Mountain State U. sure of its future in Martinsburg

January 25, 2012|By MATTHEW UMSTEAD |

MARTINSBURG, W.Va. — Mountain State University on Wednesday celebrated the opening of its new Academic Support Center for the Martinsburg campus of the Beckley, W.Va.-based private school.

“Beckley loves Martinsburg,” V. Max Beard, vice chairman of the Mountain State’s board of trustees, said of the school’s expanded presence in the city.

The 10,000-square-foot center in Martinsburg Mall is designed to serve students in all types of learning, from traditional classroom settings to independent and online study.

“This is a stunning place to be and we see a very bright future here,” Beard said. “We know that we have to work to really earn our roots here in the community ... but as evidenced by the commitment that we’ve made here, i.e. (purchasing) this mall, we’re here and we’re committed to being here.”


The new learning center, which is in a space formerly occupied by a Rex electronics store, houses MSU’s “hybrid” study program.

The center, which opened Jan. 9, the first day of class for the spring semester, is staffed with two full-time, facilitator-instructors, David Greek and Bruce Lautzenheiser, who assist students through self-paced, eight-week and 16-week courses.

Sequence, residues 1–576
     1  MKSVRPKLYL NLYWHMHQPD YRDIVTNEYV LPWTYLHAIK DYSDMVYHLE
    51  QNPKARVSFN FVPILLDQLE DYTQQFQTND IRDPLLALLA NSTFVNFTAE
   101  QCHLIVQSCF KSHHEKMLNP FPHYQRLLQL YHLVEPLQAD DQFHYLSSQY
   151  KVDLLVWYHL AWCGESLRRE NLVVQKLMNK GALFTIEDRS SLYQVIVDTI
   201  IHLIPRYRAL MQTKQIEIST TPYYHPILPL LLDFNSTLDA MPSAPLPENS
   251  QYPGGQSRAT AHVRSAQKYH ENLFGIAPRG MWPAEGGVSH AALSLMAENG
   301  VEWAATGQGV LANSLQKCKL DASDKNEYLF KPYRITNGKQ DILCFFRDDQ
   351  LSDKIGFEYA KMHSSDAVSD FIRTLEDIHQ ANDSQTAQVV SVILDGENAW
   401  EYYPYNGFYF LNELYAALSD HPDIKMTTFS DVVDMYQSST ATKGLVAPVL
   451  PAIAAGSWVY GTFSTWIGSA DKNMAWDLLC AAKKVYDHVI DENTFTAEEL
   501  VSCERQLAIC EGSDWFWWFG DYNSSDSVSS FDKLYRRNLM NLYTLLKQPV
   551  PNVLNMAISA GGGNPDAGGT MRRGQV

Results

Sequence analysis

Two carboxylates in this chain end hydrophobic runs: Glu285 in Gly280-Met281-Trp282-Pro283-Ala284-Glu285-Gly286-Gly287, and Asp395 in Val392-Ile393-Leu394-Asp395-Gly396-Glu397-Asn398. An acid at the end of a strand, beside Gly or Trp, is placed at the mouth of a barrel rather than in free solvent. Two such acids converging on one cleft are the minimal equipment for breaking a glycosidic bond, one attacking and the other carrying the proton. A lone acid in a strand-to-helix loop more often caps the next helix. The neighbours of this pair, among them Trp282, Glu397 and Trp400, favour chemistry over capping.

Greek said his job is a “blast.”

“Most of these students are not your traditional students, they have children, they have jobs and it’s tough, sometimes they just need a little encouragement,” Greek said of his work with the students.

“I’m a face they can come to for help and I think that makes a huge difference.”

Business major Vika Shylenga of Ukraine, who is set to graduate in May, said the facilitators have helped her a lot.

“They’re really, really good,” Shylenga said while seated at a computer in the Blue Ridge room of the new center.

In remarks to those gathered for a grand opening reception, David Shahan, executive director of MSU’s Martinsburg campus, said more than 100 students are enrolled in courses through the hybrid program for the spring semester, which he said is “cutting edge” in higher education.

Shahan also recognized a number of officials, including Anthony Polk, the business manager for MSU’s Martinsburg campus, for his work on the project.

Polk’s father, Charles Polk was fired last week by the school’s board of trustees in the wake of accreditation issues, particularly involving MSU’s nursing program.

MSU spokesman Andrew Wessels said the nursing school’s dean, Sheila Garland, who attended Wednesday’s ceremony, has been keeping concerned students, including those enrolled at the Martinsburg campus, up to date with the accreditation issue as part of an outreach effort via video conferencing.

Garland is expected to present a new report to the state Board of Nursing on Feb. 12, Wessels said.

“We have committed to doing what it takes that’s within our power to right that,” Beard said when asked about the accreditation issue.

“We’re looking at it on an hourly basis ... we realize how imperative it is.”

Looking to the future, Beard said he envisions the school’s presence at the mall, which the school purchased in 2010, will continue to grow.

“The future will go out past Max Beard and the future I envision here one day this will be an entire complex devoted to Mountain State University,” Beard said.

“I envision a big commitment here.”

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